12. chicagoterry

    chicagoterry

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    I've served peas with pancetta and shallots using frozen petite peas more than once in the past few months.  It's yummy and it smells divine--thanks to the pancetta. But, I agree. I can't imagine serving plain frozen peas.
     
  13. ishbel

    ishbel

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    I use frozen  petit pois.  The only frozen veg I use.
     
  14. thatchairlady

    thatchairlady

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    "Seasonal" veggies to me means... REAL summer tomatoes and sweet corn from SMALL road side stands where the produce comes from THAT place!  When other "farmer's markets" start bragging that they have fresh NJ tomatoes and corn... I get very skeptical.  Any place that says they have tomatoes or corn on the cob before 7/4... I pass them by, cuz it just does NOT happen!
     
  15. kaneohegirlinaz

    kaneohegirlinaz

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    Can't wait to go back to Hawaii for fresh Kahuku corn, not to beat!

     
  16. twyst

    twyst

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    I had what were unquestionably the best blueberries I have ever had in my life a couple of weeks ago.   Imported from chile, but they were seriously amazing berries....right smack in the middle of january.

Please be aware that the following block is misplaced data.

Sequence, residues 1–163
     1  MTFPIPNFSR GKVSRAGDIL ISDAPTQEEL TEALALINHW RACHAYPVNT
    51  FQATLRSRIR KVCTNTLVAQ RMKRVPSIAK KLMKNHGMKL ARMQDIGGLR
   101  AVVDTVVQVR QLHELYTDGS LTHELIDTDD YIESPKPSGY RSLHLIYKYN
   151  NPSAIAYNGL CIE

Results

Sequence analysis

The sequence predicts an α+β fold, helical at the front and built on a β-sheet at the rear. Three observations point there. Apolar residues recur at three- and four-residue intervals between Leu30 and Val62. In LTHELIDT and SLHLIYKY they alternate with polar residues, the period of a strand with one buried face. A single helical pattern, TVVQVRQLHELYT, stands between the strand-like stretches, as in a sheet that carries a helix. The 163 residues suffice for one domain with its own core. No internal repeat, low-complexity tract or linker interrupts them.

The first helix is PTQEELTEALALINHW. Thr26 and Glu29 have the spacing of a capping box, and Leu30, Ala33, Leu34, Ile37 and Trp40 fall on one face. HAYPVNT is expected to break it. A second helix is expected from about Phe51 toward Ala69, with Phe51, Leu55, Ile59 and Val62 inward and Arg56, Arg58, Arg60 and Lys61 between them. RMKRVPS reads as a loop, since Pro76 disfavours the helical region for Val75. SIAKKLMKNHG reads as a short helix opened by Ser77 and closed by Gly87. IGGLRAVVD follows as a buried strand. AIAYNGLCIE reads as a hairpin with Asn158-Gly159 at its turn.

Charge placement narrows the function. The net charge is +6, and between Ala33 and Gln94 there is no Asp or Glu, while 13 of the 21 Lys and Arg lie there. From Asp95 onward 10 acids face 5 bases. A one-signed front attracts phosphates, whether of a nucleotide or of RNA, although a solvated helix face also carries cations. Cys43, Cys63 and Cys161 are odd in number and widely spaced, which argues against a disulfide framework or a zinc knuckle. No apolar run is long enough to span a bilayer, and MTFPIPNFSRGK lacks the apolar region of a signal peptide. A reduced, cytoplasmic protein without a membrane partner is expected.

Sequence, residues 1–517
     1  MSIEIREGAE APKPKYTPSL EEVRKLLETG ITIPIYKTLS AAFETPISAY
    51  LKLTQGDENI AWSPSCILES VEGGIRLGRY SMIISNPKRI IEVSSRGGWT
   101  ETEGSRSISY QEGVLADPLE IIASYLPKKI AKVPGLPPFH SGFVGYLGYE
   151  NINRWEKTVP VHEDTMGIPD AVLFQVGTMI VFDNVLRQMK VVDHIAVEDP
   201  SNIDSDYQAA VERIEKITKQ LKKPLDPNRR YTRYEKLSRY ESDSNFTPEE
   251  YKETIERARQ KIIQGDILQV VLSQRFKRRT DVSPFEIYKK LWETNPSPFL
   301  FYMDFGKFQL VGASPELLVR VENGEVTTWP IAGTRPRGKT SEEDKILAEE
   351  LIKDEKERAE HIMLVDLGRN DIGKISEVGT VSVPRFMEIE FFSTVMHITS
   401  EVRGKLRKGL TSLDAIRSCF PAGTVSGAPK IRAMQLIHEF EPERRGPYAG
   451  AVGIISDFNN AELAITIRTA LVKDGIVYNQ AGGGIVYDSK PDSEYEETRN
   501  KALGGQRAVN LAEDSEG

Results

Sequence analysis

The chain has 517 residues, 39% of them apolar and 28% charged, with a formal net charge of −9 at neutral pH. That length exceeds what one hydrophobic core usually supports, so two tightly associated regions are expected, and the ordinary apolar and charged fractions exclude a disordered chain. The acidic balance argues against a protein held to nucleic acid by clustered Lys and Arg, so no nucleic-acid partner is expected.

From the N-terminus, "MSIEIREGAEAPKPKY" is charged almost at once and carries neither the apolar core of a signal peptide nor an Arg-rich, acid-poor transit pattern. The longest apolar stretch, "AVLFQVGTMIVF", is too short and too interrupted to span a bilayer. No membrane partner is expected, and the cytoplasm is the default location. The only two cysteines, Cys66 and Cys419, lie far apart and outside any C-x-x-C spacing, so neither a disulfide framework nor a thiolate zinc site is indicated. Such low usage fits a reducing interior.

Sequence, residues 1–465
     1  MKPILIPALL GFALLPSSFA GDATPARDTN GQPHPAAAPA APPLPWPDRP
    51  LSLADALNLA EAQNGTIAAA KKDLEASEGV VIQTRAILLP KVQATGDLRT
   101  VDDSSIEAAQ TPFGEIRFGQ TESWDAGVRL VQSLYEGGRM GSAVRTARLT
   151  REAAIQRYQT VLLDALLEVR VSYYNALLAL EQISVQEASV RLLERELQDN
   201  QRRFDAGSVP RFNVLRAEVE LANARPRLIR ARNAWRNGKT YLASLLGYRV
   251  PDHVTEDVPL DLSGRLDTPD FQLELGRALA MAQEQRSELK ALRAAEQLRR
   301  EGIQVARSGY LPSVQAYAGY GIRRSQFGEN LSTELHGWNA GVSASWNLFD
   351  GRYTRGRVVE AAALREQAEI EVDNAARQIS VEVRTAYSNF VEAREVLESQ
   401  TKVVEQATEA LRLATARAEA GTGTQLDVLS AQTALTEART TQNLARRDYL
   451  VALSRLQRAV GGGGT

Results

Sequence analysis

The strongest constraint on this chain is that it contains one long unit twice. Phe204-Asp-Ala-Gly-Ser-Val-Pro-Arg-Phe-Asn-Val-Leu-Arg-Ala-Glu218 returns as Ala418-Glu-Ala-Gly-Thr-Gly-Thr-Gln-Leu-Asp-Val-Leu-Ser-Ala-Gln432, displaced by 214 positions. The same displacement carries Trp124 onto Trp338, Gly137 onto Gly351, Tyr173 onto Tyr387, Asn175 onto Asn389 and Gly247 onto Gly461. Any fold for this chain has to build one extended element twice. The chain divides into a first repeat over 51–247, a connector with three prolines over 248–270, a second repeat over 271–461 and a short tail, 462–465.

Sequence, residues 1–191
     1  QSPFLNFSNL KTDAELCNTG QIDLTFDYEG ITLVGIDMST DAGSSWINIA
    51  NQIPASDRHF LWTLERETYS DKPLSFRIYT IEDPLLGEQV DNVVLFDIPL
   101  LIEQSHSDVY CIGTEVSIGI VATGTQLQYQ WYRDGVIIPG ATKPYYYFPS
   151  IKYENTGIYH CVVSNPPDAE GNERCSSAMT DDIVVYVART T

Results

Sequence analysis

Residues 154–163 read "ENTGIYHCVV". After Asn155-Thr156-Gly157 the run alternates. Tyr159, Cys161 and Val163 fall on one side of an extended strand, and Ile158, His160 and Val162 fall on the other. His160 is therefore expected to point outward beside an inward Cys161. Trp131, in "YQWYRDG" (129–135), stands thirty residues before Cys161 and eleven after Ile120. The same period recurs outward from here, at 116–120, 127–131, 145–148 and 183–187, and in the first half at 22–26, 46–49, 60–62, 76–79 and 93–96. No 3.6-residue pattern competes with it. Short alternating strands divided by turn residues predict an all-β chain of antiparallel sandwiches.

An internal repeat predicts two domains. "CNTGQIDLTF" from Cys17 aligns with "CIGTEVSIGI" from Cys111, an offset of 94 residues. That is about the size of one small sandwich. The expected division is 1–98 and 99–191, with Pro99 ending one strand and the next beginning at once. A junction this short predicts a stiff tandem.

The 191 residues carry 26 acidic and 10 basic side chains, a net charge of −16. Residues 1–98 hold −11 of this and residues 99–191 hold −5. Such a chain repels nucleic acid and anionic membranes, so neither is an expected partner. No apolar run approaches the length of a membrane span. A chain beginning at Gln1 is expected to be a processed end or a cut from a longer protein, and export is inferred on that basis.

17. scubadoo97

    scubadoo97

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    Or Florida
     
  18. michaelga

    michaelga

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    I believe that eating seasonal is mostly a fad.  

    It is simply down right impractical if you don't live in one of a select few regions on the planet.

    We have large craniums, opposable thumbs and a mastery of tools for a reason.  

    We got to where we are because we could alter our food and environment or transport it in order to be able to eat it out of season.

    That said crappy food is crappy food no matter what season.  

    If the food is good, nutritious and tasty even if out of season I say eat it!

    Do I eat tomatoes in the dead of winter - sure, but I pay more for them.  They come from a year round hydroponic green house a few hours from where I used to live.  

    I don't buy the junk that is shipped green or go without like a martyr, i'll take mine juicy and tasty please.

    Just because Alice Waters and a few other lucky dozen influential chefs live in the land of plenty doesn't mean that I should go without.    

    Our season for every thing is approximately 19 weeks long!   

    Just because my ancestors lived on potatoes, cabbage, turnips and canned goods doesn't mean that I should have to just because some one living in California or Florida has access to things almost all year around.

    Nope sorry not really interested in the seasonal thing.

    (especially when frozen baby peas win out over fresh 9/10 times - the exception being if you pick them yourself)

    I guess it is just me.
     
    Last edited: Jan 31, 2013
  19. michaelga

    michaelga

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    Yup same here - probably the same brand as you.

    It's not like the plane wasn't going to fly if the berries were not on board!

    Might as well make sure the plane is full and get all those carbon foot prints used up in delivering me great tasting berries.

    Our berries won't even be seen for another 6 months if the season is good and early.
     
  20. ishbel

    ishbel

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    Sigh...

    another who did not read MY post.

    for the last time..  I live in the UK.  Weather conditions mean BERRIES ARE UNAVAILABLE UNLESS FLOWN IN.